New Zealand's shipping federation say coastal transport is a resilient lifeline during natural disasters such as earthquakes.
However, it says not enough attention has been paid to ensuring ports are up to the task.
Shipping Federation executive director Annabel Young said coastal shipping had picked up in the wake of earthquakes.
It had highlighted the need for more investment in ports, especially roll-on roll-off ferry services.
"The ship route from Auckland to Lyttelton takes about 38 hours in the Spirit of Canterbury. That is about the same as if you went from road, to rail, to ship and then back onto rail," she said.
"Taken with international ships, you have got about a ship a day leaving Auckland for Canterbury, so ships can take up the slack but they are reliant on ports being available.
"Both Picton and Wellington were able to get up and running with their roll-on, roll-off services very quickly," Ms Young said.
"If either of those ports were taken out, there is an alternative in Nelson, but I am not sure where you would go in the North Island."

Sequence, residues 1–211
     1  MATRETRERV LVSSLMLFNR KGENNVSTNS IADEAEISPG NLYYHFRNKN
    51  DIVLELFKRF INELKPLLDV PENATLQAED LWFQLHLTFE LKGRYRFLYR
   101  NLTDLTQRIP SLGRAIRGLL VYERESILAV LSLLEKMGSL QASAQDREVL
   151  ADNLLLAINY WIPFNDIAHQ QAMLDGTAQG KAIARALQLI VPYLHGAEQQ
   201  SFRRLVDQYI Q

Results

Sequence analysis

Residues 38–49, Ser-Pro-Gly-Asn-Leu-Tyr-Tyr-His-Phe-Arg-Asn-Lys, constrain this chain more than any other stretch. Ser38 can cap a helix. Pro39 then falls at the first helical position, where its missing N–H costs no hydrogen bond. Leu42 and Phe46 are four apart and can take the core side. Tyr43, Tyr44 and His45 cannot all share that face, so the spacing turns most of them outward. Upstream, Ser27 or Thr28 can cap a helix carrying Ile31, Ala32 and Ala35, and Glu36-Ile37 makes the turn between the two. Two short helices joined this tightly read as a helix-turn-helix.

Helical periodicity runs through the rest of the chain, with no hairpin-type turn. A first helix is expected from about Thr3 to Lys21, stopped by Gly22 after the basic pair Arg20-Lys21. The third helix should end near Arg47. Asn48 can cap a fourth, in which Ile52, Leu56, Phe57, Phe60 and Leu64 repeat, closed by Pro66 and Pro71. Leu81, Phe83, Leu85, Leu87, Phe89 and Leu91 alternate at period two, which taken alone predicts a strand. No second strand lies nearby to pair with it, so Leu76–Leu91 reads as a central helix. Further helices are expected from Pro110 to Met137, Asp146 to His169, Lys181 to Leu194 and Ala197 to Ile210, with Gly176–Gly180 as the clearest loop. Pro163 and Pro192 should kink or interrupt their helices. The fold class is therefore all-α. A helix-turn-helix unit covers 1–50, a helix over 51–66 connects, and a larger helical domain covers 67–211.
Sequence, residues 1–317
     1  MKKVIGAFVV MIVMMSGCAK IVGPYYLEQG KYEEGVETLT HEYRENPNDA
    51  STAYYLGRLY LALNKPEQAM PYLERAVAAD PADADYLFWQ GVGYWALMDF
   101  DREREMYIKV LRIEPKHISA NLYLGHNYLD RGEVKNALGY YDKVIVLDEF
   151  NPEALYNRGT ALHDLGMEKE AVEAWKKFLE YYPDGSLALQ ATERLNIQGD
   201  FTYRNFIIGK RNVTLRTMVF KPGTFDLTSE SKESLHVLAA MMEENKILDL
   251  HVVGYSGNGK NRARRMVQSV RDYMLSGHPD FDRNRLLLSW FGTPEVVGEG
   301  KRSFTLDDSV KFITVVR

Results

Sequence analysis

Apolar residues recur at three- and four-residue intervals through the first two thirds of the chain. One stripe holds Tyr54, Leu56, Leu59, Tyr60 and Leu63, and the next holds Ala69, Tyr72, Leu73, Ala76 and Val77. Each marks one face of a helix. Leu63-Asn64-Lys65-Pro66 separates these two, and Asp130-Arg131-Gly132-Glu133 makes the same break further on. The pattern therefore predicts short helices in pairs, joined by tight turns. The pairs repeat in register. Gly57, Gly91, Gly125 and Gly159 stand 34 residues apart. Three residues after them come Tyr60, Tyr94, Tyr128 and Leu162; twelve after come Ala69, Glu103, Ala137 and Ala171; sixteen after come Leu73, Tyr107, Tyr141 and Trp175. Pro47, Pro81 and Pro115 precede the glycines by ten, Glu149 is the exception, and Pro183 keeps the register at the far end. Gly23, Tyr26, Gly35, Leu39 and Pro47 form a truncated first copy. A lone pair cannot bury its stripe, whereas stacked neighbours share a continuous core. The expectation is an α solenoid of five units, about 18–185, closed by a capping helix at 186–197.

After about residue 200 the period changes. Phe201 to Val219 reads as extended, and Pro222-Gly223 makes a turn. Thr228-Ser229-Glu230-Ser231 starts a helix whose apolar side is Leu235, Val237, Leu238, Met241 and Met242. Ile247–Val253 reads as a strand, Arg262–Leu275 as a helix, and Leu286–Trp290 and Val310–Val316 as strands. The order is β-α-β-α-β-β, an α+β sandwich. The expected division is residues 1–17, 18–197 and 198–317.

The earthquake damaged Wellington's container terminal, but ferries and cruise ship activities had recovered.
Government agencies have debated the vulnerability of the wharf as a whole.
Cook Strait services transport goods worth $15 billion to $20bn annually. That equated to 30-40 percent of the value of New Zealand's total goods exports. About 820 people were employed in the ferry operations.
University of Canterbury geological sciences professor Tim Davies said coastal shipping had advantages.
It could carry heavy goods and had a lower carbon footprint.
Mr Davies said most upper South Island roads were too vulnerable to seismic damage.
Before the 14 November earthquake, State Highway 1 through Kaikōura was the best, but it was not good enough considering its importance to the South Island economy, Mr Davies said.